Alibaba co-founder Joe Tsai paints the landscape for 21st century competition and cooperation between the U.S. and China at the 2019 Sokwanlok Distinguished Lecture
Rachel Hommel | GPS News
Symbiosis (noun) – a similar relationship of mutual interdependence.
With the United States as the world’s dominant power and China as the world’s rising power, we are poised to enter a period of profound geopolitical and geoeconomic change. Joe Tsai, who is the co-founder and executive vice chairman of Alibaba Group, offered unique insights into one of the most important international relationships of our time.
Held at the UC San Diego School of Global Policy and Strategy (GPS) on Feb. 14, 2019, the sold-out Sokwanlok Distinguished Lecture on China illuminated a series of questions about how to maintain peace and prosperity between the two world powers, including how to invest in education and nurture future generations.
“Our relationship with China looms very large. At GPS, we use insights from research and teaching to build our partnerships,” said Dean Peter Cowhey. “The relationship between the U.S. and China is key and one that has defined the evolution of the 21st century.”
Creating a Powerhouse for U.S. China Relations
In its 21st year, the Sokwanlok Lecture was born out of a vision by Marion and Kwan So to educate the American public about China and enhance the mutual understanding between the two peoples of China and the U.S. Bringing top leaders from China and elsewhere to offer front-line insights and analysis, the series looks at the most pressing economic and political trends of our time.
“Since the inaugural Sokwanlok Lecture in 1998 with Professor Wang Gungwu, the series has brought some of the most distinguished scholars and important leaders on China to UC San Diego,” said Professor Barry Naughton, Sokwanlok Chair of Chinese International Affairs.
For over 40 years, the So family has lent their service, leadership and generosity to the university. At a time when the interaction of Asia and the Americas is at a pivot point for profound change, the significance of this lecture series is greater today than ever before. They also helped found the 21st Century China Center at the School in 2011, as a touchstone of their passion to foster greater U.S. and China understanding.
As the longest serving member of the advisory board for the School, Kwan So has played a key role positioning UC San Diego as one of the world’s top universities for education and research on contemporary China. The So family hopes to inspire others in the community to contribute to the ties between U.S. and China.
“My goal is to make GPS the best school to study China in North America,” said Kwan So when interviewed. “I’m glad my family has supported me along this journey. U.S.- China relations are just too important to be left to the governments.”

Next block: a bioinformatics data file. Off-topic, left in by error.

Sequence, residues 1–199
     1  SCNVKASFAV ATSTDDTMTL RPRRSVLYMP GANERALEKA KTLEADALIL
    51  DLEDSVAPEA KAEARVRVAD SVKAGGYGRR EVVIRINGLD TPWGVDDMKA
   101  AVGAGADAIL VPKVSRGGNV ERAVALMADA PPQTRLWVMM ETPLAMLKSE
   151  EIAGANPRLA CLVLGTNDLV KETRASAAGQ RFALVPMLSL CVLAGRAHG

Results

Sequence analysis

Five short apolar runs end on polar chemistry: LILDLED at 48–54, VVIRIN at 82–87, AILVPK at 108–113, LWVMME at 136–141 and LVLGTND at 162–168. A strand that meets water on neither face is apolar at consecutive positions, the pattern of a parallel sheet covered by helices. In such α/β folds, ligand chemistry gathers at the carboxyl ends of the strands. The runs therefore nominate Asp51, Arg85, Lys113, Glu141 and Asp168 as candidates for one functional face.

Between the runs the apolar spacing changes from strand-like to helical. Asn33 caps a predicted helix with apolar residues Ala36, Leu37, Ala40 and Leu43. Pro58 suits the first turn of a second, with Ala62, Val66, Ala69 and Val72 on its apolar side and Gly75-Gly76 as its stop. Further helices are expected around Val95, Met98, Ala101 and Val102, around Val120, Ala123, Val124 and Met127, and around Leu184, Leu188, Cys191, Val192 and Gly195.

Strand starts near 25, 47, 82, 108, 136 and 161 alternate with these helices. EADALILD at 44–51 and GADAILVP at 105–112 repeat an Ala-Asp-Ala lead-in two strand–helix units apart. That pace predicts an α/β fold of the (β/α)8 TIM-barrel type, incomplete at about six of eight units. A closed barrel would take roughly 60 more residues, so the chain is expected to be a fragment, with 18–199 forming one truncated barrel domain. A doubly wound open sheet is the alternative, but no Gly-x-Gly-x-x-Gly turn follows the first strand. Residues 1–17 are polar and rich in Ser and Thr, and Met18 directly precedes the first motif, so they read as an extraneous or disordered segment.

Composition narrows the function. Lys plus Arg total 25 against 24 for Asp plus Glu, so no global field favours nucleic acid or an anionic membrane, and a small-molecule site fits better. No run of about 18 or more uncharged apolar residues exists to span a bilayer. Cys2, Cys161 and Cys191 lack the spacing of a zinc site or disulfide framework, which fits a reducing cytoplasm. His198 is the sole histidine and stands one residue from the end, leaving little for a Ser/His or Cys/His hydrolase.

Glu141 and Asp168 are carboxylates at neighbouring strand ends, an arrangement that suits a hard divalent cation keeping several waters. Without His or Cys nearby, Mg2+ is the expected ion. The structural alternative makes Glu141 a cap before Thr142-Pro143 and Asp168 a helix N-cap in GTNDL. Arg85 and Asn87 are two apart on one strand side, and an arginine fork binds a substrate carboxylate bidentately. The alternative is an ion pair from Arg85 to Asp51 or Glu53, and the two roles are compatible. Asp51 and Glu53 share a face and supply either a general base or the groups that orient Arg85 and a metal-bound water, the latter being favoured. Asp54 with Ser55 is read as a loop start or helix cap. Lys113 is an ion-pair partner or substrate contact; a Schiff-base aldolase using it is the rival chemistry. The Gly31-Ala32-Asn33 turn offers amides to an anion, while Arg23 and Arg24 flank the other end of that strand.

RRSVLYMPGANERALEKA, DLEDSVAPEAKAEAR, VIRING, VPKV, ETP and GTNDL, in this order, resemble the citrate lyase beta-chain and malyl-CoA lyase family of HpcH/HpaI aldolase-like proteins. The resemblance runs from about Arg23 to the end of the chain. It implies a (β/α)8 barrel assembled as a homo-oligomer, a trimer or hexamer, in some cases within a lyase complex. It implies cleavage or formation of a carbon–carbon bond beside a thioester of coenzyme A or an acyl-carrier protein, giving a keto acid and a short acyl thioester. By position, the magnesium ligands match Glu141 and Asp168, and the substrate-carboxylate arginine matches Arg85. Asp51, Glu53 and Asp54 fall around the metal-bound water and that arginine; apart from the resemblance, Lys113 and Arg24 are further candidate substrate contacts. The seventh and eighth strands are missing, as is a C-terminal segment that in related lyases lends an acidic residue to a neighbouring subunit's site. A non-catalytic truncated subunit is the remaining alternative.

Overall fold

Renaissance of China
During his conversation with Professor Susan Shirk, chair of the 21st Century China Center, Tsai cited three major factors – trade, business and intellectual capital – that have contributed to the current landscape and tension between the two countries, as well as their independency, such as the 68,000 American companies operating in China that create $600 billion in revenue each year.
“I find it quite interesting that I have to refresh people’s idea of the symbiosis between China and U.S.,” said Tsai. “The reality on several levels is that the countries are very dependent on each other.”
Regarding competition, Tsai rejects the notion that it is a contest. He referenced a rising level of fear in the American psyche, due in part to the hollowing out of manufacturing jobs to technological and military advances that China has gained over the past few decades.
“There is a sense of anxiety that sometime in the future China will be more competitive than we are,” said Tsai. “America today is still a preeminent global power, but we sit in the midst of the worst storm we’ve seen.”
When speaking about the what lies ahead for China, it is clear that both Shirk and Tsai hope to see a future that is intertwined. Tsai stressed the importance of using technology for the shared benefit of human kind, creating parallel universes that work well together.
One of the key areas of overlap is intellectual capital, particularly in universities, where Chinese and Americans have come together most fruitfully. Contributing greatly to American life and activity, both countries will hurt if symbiosis is not fostered.
“We have to live together in a constructive way. People will find ways to reach out, to find areas of cooperation. There’s a lot of room for cooperation,” said Tsai.
For a full album of the evening’s lecture, visit here.